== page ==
CBO: Repealing ObamaCare mandate saves $338 billion

Repealing ObamaCare's individual mandate will save $338 billion over 10 years, according to a new analysis from the Congressional Budget Office.  

The analysis comes as some Republicans are pushing for repealing the mandate within tax-reform legislation, as a way to help pay for tax cuts. That idea has met resistance from some Republican leaders who do not want to mix up health care and taxes, though. 
 
The CBO had come under fire on Tuesday from Sen. Mike LeeMichael (Mike) Shumway LeeGOP senators introduce bill to prevent family separations at border Another chance to seek the return of fiscal sanity to the halls of Congress Trump plan to claw back billion in spending in peril MORE (R-Utah), who slammed the agency after Sen. Bill CassidyWilliam (Bill) Morgan CassidyOvernight Health Care — Presented by the Association of American Medical Colleges — Trump officials move to expand non-ObamaCare health plans | 'Zero tolerance' policy stirs fears in health community | New ObamaCare repeal plan On The Money — Sponsored by Prudential — Markets roiled by Trump's new tariff threat | Trump lashes out at Canada over trade | Warren looks to block Trump pick for consumer agency 13 GOP senators ask administration to pause separation of immigrant families MORE (R-La.) told The Hill that he had been informed that the CBO was changing its analysis of the mandate to find significantly less savings.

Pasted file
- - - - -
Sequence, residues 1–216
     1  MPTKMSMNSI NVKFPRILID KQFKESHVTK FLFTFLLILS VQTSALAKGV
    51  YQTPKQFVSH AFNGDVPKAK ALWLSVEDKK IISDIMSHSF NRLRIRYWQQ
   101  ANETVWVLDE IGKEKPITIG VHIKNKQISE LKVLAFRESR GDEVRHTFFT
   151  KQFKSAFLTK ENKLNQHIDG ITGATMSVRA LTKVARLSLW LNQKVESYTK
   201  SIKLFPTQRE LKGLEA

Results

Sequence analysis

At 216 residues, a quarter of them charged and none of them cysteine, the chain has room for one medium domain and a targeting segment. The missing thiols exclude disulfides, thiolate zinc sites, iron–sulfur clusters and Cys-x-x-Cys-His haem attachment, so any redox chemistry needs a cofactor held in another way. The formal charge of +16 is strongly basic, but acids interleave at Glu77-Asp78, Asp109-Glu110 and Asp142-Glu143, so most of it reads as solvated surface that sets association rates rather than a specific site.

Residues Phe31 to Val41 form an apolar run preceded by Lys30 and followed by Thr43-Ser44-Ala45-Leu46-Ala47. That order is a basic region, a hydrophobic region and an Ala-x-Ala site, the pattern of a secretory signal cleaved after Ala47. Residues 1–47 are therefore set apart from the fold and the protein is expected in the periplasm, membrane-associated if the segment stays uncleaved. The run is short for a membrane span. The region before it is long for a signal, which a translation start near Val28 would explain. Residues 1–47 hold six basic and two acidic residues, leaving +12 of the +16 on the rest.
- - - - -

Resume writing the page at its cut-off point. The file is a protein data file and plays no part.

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The CBO said Wednesday that it is in fact changing the way it analyzes the mandate, but said it is holding off on making those changes because the work is not complete. 
 
That decision is a boost to Republicans who want to repeal the mandate in tax reform, because it means there are still significant savings to be had from repealing the mandate. 
 
Including mandate repeal still faces long odds, though. 
 
Without the mandate, more people are uninsured, which saves the government money when it pays out less in subsidies. 
 
The CBO said it would provide a more detailed analysis later on Wednesday, including how many more people would be uninsured. 
 
Repealing the mandate could also destabilize health insurance markets by removing an incentive for healthy people to enroll.